Jail time and community service for couple that defrauded Usona

POSTED: 09/29/11 2:00 PM

St. Maarten – The Court in First Instance sentenced Joan Theresa Sandy-Forde, 42, and her husband Neville Junior Hermitt Forde, 54, for forgery and fraud at the expense of the development fund for the (former) Netherlands Antilles Usona. Sandy Forde was sentenced to 10 months imprisonment, of which 5 months are suspended. Her husband received an 8-month conditional prison sentence and he has to do 180 hours of community service. Judge mr. M. Keppels imposed a 3-year probation period for both defendants.

Sandy-Forde worked at the I Can Foundation doing community service for an earlier conviction. Together with her husband she owns a company called Personalized Creations. This company a gave the company a 10 percent down payment on a 400,000 guilders contract, but when Personalized Creations ran out of money to buy the goods it had to deliver to the I Can Foundation, and banks refused them credit, Sandy-Forde and her husband became creative.

The company sent invoices to the I Can Foundation for goods that had not been delivered yet, and Sandy-Forde authorized these invoices in her function at the foundation.

Defense attorney mr. B.B. Brooks said that Cassandra Gibbs, the director of I can, was fully aware of this scheme to get the project completed, but that she panicked after she had talked to a Mrs. Ortega at Usona and accidentally told her that not all goods had been delivered, while Usona had already paid for them. “That is why Gibbs quickly went to the police to file a complaint against my clients,” Brooks said.

Forde told the court that he had acted with the best of intentions. “All we wanted to do was finish the project,” he said. His wife, who was personally declared bankrupt in 2007 – a condition that still exists today according to HBN Law attorney Hendrich Seferina who handled the bankruptcy case – said that she did not see her involvement in both her company and the I Can Foundation as a conflict of interest.

Neville Forde told the court that the company had delivered between 75 and 80 percent of all the goods mentioned in the contract. The deadline for delivering the rest was February 28 of this year, but after Gibbs filed the complaint, the Forde’s were arrested on February 8 and not released until April 14.

Judge Keppels pointed out that Sandy-Forde has a 2008 conviction for embezzlement to her name, and that her husband was once fined for a tax-violation.

Prosecutor mr. G. van der Wulp noted that the couple, once it realized that there was not enough money to execute the contract, had taken a wrong decision. “They committed forgery by sending in false invoices and by approving the delivery lists that came with them.” Van der Wulp considered forgery proven, as well as fraud, because they had used false invoices to get Usona to pay out the money. “There is no money left to deliver the remaining goods,” the prosecutor said. “This money belongs to the community. Administrations have to be reliable; Mrs. Sandy-Forde has been convicted for embezzlement before. She should have known better.”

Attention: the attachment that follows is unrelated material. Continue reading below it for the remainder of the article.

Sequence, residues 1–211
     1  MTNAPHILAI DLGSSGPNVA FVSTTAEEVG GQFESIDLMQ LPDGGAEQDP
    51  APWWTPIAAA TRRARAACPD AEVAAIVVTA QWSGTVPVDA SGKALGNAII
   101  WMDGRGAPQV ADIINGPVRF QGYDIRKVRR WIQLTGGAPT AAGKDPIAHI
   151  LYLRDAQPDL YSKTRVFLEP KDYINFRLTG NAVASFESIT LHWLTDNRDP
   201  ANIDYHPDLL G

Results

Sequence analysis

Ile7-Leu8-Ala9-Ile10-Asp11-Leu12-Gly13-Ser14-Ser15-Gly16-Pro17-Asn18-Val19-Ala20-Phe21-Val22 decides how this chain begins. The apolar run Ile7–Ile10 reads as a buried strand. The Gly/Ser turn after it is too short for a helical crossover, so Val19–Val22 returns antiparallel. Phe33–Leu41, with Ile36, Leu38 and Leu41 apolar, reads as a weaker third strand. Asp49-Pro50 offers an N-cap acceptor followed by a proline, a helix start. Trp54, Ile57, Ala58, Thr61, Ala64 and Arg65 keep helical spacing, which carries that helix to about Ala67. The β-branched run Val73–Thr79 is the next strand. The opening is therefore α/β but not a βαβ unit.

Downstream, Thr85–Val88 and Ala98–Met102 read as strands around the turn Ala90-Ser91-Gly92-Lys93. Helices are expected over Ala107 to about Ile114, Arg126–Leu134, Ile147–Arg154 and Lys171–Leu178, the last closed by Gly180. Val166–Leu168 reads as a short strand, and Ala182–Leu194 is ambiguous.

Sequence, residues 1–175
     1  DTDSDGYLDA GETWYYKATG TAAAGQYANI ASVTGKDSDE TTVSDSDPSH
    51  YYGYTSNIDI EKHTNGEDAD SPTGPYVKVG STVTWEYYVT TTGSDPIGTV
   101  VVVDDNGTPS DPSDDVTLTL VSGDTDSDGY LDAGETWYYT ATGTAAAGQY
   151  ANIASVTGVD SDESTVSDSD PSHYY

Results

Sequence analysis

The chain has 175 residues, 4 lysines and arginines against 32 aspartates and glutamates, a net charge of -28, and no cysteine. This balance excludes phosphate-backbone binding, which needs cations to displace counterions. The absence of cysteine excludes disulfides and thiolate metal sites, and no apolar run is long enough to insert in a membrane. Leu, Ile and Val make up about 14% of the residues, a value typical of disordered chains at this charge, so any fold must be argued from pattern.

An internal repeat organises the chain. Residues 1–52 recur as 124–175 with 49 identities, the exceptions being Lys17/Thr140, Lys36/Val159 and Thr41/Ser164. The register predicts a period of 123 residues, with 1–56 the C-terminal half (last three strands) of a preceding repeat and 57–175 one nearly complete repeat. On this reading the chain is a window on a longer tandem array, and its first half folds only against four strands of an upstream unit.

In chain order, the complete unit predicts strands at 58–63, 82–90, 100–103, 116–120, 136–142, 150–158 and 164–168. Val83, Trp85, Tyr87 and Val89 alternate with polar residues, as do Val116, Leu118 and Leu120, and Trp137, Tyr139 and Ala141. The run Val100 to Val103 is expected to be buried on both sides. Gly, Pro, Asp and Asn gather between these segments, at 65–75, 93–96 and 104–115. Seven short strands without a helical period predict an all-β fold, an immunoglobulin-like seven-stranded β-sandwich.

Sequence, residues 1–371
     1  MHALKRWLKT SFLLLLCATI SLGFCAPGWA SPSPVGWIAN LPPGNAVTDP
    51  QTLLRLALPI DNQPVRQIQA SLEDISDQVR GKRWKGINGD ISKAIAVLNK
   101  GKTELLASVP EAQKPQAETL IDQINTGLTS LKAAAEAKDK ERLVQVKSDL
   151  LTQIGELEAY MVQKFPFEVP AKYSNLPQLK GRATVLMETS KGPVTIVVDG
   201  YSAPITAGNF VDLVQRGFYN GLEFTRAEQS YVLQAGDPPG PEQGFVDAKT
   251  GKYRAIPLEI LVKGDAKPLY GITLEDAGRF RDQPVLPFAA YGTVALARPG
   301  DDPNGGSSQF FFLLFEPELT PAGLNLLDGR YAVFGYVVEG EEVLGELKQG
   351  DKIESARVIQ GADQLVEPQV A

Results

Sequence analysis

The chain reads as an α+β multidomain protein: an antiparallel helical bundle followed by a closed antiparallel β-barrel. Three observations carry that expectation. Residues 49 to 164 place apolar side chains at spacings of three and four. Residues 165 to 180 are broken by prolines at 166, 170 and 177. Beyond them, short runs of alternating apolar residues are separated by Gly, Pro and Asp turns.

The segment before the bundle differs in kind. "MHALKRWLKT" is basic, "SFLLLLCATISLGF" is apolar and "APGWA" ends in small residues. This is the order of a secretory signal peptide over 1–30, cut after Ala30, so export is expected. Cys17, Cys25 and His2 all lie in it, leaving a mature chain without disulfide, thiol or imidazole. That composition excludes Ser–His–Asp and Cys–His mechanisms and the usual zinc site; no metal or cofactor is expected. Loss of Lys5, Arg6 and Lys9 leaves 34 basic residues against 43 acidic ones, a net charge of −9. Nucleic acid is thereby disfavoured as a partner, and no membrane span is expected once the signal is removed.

mr. van der Wulp said that Sandy-Forde had already had a chance to change her ways, and that this time community service was insufficient punishment. She demanded 12 months imprisonment, with 5 months suspended against the woman, and an 8-month conditional sentence plus 240 hours of community service against Neville Forde.

Attorney Brooks asked the court to declare the prosecution inadmissible because the defendants had spent nine days without legal title in prison in April. She also mentioned other technical flaws, but Judge Keppels would later reject the request.

The attorney made a point of the fact that I Can Foundation director Cassandra Gibbs “knew very well what the Forde’s were doing. “It is not correct that she did not know anything. She went to the police but in fact Usona should have filed a complaint. The moment Gibbs got into trouble after talking to Mrs. Ortega she quickly went to the police to file a complaint.”

mr. Brooks played down the amount of money involved in the fraud. “It is not about 400,000 guilders, but maybe about 25 or 30 percent of that amount,” she said. She pointed out that Usona has filed a civil lawsuit against the couple.

mr. Brooks objected to the prosecutor’s demand of an unconditional prison sentence against Sandy-Forde. She referred to the Kinds Funland case, wherein defendant Seraphin Ann Marlin embezzled between $660,000 and $880,000 from her former employer Hollywood Casino. With the money she built Kids Funland in Cole Bay and she gave her husband a garage complete with a 120,000 guilder hydraulic bridge. Marlin was sentenced on August 31 to a 2-year conditional prison sentence and 240 hours of community service. She asked the court to impose a conditional prison sentence.

The attorney wondered why a flat screen TV and a fridge that had been confiscated by the public prosecutor’s office had been given for storage to the I Can Foundation.

Neville Forde bemoaned the fact that he has been made to look like a criminal while he had only the best of intentions.

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